1. Cunningham v. M & T Bank Corp., No. 15-1412, 2016 WL 683372 (3d Cir. Feb. 26, 2016)
Claim based on alleged kickback scheme involving reinsurance fees paid on private mortgage insurance was barred by the statute of limitations.
Borrowers brought a class action lawsuit against the lender for alleged violations of RESPA’s anti-kickback and anti-fee-splitting provisions. The borrowers paid for private mortgage insurance (“PMI”) as a condition of their mortgages. The lender referred the borrowers to PMI insurers who reinsured the insurance policy with the lender’s captive reinsurer. The borrowers alleged that the Bank colluded with the PMI insurers and received funds from reinsurance agreements that required the entity to take on little or no actual risk. The trial court granted summary judgment for the lender, finding that the claims were barred by the statute of limitations. The judgment was affirmed on appeal.
2. Schonebaum v. Shellpoint Mortgage Servicing, No. 14-CV-03093, 2016 WL 1104875 (D. Colo. Feb. 29, 2016)
RESPA claim should be dismissed because the complaint did not allege that the lender divided any fee with another entity.
The borrower alleged that the lender violated RESPA by accepting charges for something other than services actually performed. However, the borrower’s complaint did not include an allegation that any fee was divided between the lender and another entity. Because a RESPA violation requires the dividing of a charge with another entity, the magistrate judge recommended that the court grant the lender’s motion to dismiss.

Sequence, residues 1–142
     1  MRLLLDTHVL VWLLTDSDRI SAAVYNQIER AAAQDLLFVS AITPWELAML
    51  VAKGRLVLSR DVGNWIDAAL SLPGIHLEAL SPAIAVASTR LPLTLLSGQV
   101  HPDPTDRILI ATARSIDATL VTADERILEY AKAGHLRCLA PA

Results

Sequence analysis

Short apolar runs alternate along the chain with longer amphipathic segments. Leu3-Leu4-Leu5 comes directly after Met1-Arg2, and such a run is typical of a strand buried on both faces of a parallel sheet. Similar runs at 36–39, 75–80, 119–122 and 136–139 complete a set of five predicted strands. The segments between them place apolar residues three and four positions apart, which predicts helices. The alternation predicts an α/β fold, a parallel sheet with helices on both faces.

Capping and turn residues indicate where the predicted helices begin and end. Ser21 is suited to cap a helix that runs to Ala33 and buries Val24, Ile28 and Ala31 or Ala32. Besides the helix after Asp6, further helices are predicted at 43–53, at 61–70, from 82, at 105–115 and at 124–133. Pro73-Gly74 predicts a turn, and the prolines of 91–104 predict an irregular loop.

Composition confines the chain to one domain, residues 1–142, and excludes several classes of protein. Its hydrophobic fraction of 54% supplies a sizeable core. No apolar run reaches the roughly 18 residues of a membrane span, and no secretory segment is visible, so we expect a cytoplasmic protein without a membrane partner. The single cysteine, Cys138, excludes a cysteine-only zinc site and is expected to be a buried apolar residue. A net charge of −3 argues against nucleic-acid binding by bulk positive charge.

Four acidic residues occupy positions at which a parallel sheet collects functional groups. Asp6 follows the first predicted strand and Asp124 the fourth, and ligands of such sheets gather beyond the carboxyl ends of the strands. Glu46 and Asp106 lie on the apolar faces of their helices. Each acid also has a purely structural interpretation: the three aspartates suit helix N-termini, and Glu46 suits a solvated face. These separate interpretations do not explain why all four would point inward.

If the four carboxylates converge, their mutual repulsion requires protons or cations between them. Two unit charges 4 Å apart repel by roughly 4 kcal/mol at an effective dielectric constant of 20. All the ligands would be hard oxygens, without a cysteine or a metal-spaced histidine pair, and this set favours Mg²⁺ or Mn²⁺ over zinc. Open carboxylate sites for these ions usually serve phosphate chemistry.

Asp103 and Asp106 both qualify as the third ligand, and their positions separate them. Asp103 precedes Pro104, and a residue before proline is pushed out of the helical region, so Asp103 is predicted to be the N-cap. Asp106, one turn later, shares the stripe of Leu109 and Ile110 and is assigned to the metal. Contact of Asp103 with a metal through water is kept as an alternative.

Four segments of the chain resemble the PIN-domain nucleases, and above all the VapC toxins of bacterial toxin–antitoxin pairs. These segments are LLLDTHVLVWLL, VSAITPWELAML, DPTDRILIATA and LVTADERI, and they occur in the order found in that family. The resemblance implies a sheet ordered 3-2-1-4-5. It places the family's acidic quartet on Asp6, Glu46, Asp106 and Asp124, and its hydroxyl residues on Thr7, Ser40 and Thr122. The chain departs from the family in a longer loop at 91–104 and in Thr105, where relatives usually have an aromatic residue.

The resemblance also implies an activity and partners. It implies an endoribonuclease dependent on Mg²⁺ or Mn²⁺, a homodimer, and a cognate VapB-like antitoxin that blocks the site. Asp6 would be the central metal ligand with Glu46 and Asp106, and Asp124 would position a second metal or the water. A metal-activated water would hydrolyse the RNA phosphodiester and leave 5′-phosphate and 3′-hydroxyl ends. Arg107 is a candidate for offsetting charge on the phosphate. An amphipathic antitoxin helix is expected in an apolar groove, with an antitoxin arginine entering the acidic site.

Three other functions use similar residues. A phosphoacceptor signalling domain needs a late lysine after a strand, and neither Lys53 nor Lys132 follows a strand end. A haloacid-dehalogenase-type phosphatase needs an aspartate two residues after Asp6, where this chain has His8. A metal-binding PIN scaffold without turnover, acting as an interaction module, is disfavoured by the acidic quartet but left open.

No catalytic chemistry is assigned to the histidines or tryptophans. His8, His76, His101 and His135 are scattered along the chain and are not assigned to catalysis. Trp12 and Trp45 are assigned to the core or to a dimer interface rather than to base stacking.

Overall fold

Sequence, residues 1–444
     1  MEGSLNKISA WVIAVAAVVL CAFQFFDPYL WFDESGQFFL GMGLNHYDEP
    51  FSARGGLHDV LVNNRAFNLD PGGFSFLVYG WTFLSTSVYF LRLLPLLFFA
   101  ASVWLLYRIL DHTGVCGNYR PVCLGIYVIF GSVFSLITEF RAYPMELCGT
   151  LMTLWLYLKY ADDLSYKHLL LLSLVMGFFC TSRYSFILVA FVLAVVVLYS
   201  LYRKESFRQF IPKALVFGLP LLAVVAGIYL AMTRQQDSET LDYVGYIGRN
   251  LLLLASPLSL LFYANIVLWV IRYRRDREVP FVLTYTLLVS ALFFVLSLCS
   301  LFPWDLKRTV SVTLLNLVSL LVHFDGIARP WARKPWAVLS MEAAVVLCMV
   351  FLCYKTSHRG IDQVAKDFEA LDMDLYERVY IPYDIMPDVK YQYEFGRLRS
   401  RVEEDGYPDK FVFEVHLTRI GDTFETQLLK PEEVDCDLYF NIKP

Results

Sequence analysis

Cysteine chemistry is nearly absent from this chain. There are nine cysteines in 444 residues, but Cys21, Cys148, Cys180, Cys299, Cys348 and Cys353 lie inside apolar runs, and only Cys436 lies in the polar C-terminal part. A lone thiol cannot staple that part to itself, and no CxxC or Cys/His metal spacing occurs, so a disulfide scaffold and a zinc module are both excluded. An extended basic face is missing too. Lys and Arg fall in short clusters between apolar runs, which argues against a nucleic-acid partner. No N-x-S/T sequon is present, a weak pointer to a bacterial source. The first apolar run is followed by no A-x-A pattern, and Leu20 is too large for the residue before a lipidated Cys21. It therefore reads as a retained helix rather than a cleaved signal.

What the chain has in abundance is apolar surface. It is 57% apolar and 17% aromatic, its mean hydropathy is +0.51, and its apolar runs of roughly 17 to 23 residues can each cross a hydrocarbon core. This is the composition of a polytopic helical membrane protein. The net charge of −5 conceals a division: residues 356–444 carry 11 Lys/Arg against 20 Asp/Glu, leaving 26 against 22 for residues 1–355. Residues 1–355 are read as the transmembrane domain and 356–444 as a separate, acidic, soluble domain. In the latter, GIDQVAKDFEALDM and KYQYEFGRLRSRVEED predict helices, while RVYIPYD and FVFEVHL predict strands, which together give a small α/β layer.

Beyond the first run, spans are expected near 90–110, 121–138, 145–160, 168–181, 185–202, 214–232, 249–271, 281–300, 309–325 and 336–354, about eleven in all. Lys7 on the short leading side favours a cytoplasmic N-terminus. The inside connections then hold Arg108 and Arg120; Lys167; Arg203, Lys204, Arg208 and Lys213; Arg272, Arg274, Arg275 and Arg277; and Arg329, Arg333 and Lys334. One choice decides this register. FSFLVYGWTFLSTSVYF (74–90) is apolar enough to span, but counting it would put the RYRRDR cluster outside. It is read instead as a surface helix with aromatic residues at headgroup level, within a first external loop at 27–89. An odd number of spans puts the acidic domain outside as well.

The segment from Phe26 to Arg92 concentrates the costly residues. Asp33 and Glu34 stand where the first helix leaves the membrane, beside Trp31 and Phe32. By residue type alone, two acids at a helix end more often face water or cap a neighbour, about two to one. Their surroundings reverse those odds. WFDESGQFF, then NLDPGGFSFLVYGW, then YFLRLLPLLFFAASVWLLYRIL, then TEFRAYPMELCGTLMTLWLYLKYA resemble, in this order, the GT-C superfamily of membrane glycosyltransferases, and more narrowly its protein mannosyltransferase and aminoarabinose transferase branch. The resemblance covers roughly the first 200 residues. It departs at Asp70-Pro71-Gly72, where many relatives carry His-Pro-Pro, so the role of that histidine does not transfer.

3. Arace v. Quicken Loans, Inc., No. 15-CV-382, 2016 WL 390088 (S.D.N.Y. Feb. 1, 2016)
Because borrower could not show a single fee that was split between two
separate entities, her RESPA claim failed.
Borrower brought a class action suit against the lender for improperly charging and splitting an unnecessary “tax service fee” in connection with her mortgage. The borrower alleged that because she lives in a building that is a cooperative and the cooperative association is responsible for paying the taxes, the lender had no reason to charge the fee. The borrower also claimed the lender split the fee with other entities, none of whom performed services in exchange for the charge. The documentation showed that the borrower was charged two separate fees that went to two separate entities; there was not a single charge that was split between two parties. Because a RESPA violation requires a fee divided by two or more parties, the court granted the lender’s motion to dismiss the claim.
4. Collins v. First Financial Services, Inc., No. 7:14-CV-288-FL, 2016 WL 589688 (E.D.N.C. Feb. 10, 2016)
Borrower’s anti-kickback claim failed because the lender performed services in connection with the loan and did not split fees with another entity.
Borrower obtained a mortgage loan with the lender FFSI. Through the course of several transactions, the loan was transferred to several different entities. The borrower alleged that the lender violated RESPA by giving or receiving fees or kickbacks while acting as the lender in the origination of the loan. However, the allegations in the complaint stated that FFSI kept all of the fees it charged. Therefore, there were no facts showing that FFSI split the fees with another entity. Furthermore, because FFSI engaged in substantial conduct regarding the loan, the fees it received were in exchange for services performed. Lender’s motion to dismiss was granted.
B. Statutes and Regulations
No RESPA statutes or regulations were retrieved this quarter.
C. Volume of Materials Retrieved
RESPA issues were identified 18 times in 15 cases (see Table 1).